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Preventing surgical site infections: Why it should be a priority

Patients in Pennsylvania should feel confident going into surgery that their surgeon is going to do everything in their power to ensure that the surgery is a success. While patients do assume the potential for some risk during many medical procedures, that does not release providers from the responsibility of the standard of care. 

According to the Centers for Disease Control and Prevention, one of the common healthcare-related infections is a surgical site infection. This complication can range from mild to life-threatening. 

About SSI 

An infection that develops at the site of a surgery is an SSI. The infection may only affect the skin surrounding the surgical site, but it may go deeper and affect tissues and organs. In the worst cases it can turn into sepsis, a potentially life-threatening condition.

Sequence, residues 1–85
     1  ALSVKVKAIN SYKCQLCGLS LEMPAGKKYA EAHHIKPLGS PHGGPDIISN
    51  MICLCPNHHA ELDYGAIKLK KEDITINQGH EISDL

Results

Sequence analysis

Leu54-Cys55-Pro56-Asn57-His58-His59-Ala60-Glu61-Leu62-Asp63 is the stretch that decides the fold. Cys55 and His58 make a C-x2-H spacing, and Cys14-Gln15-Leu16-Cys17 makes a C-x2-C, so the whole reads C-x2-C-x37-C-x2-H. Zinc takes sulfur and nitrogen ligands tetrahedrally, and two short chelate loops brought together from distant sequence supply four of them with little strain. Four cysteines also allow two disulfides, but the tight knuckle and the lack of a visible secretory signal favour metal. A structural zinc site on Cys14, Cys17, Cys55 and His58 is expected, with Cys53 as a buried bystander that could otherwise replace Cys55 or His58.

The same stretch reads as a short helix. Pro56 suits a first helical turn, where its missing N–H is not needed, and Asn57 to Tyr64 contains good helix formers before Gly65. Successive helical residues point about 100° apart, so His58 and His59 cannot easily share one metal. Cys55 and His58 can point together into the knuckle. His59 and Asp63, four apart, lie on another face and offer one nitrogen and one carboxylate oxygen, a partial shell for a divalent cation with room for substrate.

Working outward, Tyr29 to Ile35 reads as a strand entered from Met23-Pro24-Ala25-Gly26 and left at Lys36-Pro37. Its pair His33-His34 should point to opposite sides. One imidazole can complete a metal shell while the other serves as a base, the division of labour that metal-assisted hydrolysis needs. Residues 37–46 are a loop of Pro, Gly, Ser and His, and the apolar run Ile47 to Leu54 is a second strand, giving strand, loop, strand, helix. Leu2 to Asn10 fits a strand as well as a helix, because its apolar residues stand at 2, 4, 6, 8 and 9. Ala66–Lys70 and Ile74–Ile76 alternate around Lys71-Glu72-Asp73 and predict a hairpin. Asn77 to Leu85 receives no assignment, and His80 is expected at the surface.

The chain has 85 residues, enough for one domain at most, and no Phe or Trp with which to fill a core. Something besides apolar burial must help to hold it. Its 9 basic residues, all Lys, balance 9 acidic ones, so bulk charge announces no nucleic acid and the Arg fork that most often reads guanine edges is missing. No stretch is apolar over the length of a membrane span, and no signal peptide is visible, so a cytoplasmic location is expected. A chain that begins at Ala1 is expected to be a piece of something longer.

Preventing SSI 

Healthcare providers should be doing all they can to try to prevent SSI. Some of the CDC guidelines for healthcare workers include the following: 

  • Wear protective gear like gloves, masks, and surgical gowns while prepping for and performing surgery 
  • Before surgery, wash hands and arms with antiseptic up to the elbows and always wash hands or use a sanitizing rub when caring for patients 
  • Use electric clippers, not a razor, if a patient needs hair shaved around the surgical site 
  • Clean the surgical site area with antiseptic soap 
  • Give the patient antibiotics before and after surgery 

A review of surgical times and SSI published by Mary Ann Liebert, Inc., showed that prolonged surgical times also increased the risk for SSI and concluded that providers should focus on reducing operative times in order to diminish occurrences of SSI. If a healthcare provider failed to provide the standard of care to prevent SSI, they may be liable for damages.